Needle Exchange Surveillance Initiative (NESI)
Prevalence of blood-borne viruses and injecting risk behaviours among people who inject drugs attending injecting equipment provision services in Scotland, 2008 to 2020
- 01 April 2022 (Latest release)
- Public Health Scotland
- Conditions and diseases
The aim of the Needle Exchange Surveillance Initiative is to measure and monitor the prevalence of blood-borne viruses – hepatitis C virus and HIV – and injecting risk behaviours among people who inject drugs (PWID) in Scotland.
NESI provides information to evaluate and better target interventions aimed at reducing the spread of infection amongst PWID.
This latest report presents the results at:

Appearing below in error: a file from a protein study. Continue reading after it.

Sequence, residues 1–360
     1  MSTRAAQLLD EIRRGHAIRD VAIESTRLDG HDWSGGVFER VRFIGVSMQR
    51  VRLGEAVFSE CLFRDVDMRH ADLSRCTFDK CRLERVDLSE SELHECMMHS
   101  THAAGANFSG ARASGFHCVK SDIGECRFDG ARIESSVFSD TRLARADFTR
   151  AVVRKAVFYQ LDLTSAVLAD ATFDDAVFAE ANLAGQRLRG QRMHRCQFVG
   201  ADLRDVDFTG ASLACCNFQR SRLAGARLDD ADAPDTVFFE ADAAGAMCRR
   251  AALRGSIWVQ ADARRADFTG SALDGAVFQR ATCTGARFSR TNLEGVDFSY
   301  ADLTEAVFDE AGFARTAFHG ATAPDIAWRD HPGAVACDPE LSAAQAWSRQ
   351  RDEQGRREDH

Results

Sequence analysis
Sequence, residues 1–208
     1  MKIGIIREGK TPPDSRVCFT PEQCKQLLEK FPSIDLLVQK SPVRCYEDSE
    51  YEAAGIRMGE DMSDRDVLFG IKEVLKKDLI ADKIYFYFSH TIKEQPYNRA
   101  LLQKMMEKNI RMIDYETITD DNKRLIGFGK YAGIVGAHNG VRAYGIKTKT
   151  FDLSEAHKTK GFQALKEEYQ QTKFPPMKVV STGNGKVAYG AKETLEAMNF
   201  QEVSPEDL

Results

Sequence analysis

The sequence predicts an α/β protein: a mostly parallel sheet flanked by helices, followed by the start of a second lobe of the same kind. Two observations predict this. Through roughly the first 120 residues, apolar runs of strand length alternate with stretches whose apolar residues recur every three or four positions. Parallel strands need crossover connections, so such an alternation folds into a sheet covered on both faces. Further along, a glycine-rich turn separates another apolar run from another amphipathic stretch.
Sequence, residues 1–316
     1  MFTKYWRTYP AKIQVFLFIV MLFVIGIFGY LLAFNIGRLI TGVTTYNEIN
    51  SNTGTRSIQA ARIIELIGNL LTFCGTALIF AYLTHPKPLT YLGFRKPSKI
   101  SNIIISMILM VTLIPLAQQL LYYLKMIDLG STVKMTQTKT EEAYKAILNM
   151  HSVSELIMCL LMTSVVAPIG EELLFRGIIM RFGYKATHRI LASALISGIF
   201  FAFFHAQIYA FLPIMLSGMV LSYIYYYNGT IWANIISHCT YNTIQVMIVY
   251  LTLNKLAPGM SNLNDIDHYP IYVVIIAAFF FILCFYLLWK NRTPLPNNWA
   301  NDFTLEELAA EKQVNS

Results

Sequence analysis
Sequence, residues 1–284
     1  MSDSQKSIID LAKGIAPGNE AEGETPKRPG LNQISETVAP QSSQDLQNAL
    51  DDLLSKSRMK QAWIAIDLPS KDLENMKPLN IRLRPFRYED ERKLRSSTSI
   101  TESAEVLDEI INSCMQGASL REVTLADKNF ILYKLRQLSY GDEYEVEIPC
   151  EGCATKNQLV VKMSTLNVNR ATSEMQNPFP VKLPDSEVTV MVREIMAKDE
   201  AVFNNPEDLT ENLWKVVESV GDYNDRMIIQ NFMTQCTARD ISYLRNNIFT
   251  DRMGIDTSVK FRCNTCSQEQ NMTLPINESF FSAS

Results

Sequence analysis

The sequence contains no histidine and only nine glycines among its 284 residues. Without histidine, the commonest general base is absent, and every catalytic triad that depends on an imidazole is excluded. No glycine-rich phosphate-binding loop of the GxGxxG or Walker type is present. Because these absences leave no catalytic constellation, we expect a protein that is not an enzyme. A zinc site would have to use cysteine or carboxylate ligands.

- Scotland level across seven surveys – from 2008 to 2009 through to 2019 to 2020
- NHS board level for the 2019 to 2020 survey – for eight of the 11 mainland Scottish NHS boards
The initiative was initially funded by the Scottish Government as part of the Hepatitis C Action Plan, which stated that efforts to prevent hepatitis C virus (HCV) in Scotland must focus on preventing transmission of the virus among PWID.
More recently, however, the initiative has been funded under the Scottish Government’s Sexual Health and Blood Borne Virus Framework.
The most recent survey conducted in 2019 to 2020 was supported by the National Institute for Health Research (NIHR) Programme Grants for Applied Research Programme. It was part of the ‘Evaluating the Population Impact of Hepatitis C Direct Acting Antiviral Treatment as Prevention for People Who Inject Drugs’ (EPIToPe) study.
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Older versions of this publication
Versions of this publication released before 16 March 2020 may be found on the Data and Intelligence, Health Protection Scotland or Improving Health websites.